7 Feb 2013

CIA boss faces questions on ‘unmanned and unseen’ drones

I found myself at an embassy cocktail party last summer balancing a glass of white wine and an elaborate scallop canapĂ© when a voluptuous brunette weighed down by a tribal necklace sidled up to me and introduced herself as “Katie from unmanned vehicle systems of America”.

“Lawn mowers?”

“No, drones”, she replied.

“The unmanned variety hovering over Afghanistan and Yemen?”

“They are ALWAYS unmanned,” she corrected me. “WE in the unmanned vehicles community get very tired when people talk about unmanned drones. It’s an oxymoron. Anyways, the community is having a great, great year and we would love for you to come and visit.”

It was one of those vintage Washington moments that makes you want to scream but no sound comes out. Katie was of course right about the business of drones. Under George W Bush there were 50 drone strikes. Under Barack Obama there have been 350.

Drones are the corner stone of his security policy. They kill terrorists and they are much cheaper and less controversial inside the country that dispatches them than invading armies. The villagers of Waziristan or Yemen who have been living at the receiving end of drones for years see it differently.

Sometimes the drone strikes are popular when they “take out” a thug turned al-Qaeda leader. But more and more often they are feared with visceral hatred. They have killed innocent civilians. In one well documented example they incinerated a local Yemeni leader who was actually trying to rebuff al-Qaeda. And as they hover and buzz in the skies above for months on end they become a truly terrifying presence worthy of a science fiction terror movie.

Drones driving al-Qaeda recruits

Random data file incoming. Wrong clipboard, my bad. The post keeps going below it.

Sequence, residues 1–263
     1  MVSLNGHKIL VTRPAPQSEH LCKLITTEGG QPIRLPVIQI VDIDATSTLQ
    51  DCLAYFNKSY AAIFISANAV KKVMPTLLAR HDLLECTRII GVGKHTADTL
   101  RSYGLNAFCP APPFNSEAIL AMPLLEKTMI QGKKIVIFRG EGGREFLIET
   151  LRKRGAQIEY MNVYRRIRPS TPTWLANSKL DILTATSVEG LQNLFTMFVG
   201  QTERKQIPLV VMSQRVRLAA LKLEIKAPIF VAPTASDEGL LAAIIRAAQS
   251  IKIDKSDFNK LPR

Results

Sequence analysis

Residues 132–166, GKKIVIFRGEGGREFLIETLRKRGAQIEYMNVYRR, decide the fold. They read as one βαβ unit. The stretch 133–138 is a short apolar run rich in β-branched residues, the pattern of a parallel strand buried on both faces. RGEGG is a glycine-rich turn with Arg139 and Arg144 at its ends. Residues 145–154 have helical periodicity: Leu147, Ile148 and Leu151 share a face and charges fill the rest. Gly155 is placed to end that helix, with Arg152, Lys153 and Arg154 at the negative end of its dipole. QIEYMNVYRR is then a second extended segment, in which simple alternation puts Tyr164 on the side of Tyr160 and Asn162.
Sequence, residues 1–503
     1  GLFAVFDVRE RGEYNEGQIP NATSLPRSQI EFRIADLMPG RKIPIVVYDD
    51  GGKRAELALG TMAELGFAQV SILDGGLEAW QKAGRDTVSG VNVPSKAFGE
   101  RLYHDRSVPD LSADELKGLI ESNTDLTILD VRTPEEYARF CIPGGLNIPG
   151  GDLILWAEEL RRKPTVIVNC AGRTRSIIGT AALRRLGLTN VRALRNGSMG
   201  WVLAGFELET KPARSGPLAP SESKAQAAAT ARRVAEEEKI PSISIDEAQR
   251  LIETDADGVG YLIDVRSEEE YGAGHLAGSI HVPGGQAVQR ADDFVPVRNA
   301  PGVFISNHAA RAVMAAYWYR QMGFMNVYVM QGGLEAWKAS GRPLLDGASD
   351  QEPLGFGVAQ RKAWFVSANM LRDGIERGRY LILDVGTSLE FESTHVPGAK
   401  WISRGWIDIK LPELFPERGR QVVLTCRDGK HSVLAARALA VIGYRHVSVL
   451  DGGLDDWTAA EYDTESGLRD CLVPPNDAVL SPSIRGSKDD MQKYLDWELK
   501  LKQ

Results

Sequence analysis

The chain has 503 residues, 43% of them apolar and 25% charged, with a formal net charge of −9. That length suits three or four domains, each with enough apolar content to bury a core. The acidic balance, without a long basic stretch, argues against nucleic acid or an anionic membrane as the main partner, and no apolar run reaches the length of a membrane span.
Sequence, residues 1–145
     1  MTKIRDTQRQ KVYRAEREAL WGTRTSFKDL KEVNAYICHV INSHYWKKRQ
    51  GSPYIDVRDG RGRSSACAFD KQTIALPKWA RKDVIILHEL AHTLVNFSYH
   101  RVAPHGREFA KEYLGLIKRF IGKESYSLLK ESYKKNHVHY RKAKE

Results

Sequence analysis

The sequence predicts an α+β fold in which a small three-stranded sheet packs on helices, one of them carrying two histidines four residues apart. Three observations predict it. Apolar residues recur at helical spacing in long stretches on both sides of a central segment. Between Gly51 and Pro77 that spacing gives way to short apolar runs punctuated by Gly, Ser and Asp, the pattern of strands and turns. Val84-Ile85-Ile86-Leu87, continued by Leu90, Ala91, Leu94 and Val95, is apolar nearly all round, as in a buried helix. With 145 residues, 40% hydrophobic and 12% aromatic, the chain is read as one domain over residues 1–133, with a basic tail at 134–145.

Senior American generals openly worry that despite their reputed accuracy, the drones are becoming counter productive. They may have depleted the leadership of al-Qaeda but how many fresh recruits has their terror spawned? The drones are guided much like video games from a military base somewhere in the corn fields of Nebraska. They have been operating for the last four years without barely any discussion in the American media or public.

Only when it came to light that the American born al-Qaeda leader Anwar al-Awlaki had been killed by a drone did the debate begin. Now, with the confirmation hearings of John Brennan for his next job as head of the CIA, it is at full throttle.

Brennan is the prime architect of the drone program. From a windowless room in the basement of the West Wing he has been drawing up the “kill lists” of targets before sending them up to his boss in the Oval Office for approval. Brennan gets to decide who lives and who dies in Yemen, Somalia, Pakistan and wherever else the drones hover.

The only barrier is a president, his conscience and a copy, we are told, of St Augustine which Mr Obama likes to thumb like a philosopher king when he decides over life and death.

Unmanned and ‘unseen’

There is no congressional oversight and of course no judicial process. There is, we now know, a memo concocted by White House lawyers that justifies the legality of the drone strikes in terms of the imminence of a threat. But since America’s war against al-Qaeda is open ended the use of the word imminent is as flexible as a rubber band.

Before he joined the Obama administration, Brennan was a CIA veteran of 25 years engaged on the sharp end as station chief in Saudi Arabia and the corporate end in Langley, the CIA headquarters. Under the Bush administration he was involved in the rendition programs and the use of water boarding as an “enhanced interrogation technique”. In other words he is a veteran of the post 9/11 “war on terror”, a term this administration no longer likes to use even if many of the methods have not changed.

If this president was called Bush, the international outcry against Brennan and his drones would have them marching in London and Berlin. Back at the embassy Katie, from “the unmanned vehicle community” made the point succinctly.

“Our drones are not just unmanned,” she said. “Unlike American troops, aircraft carriers or Apache helicopters they are also unseen.”

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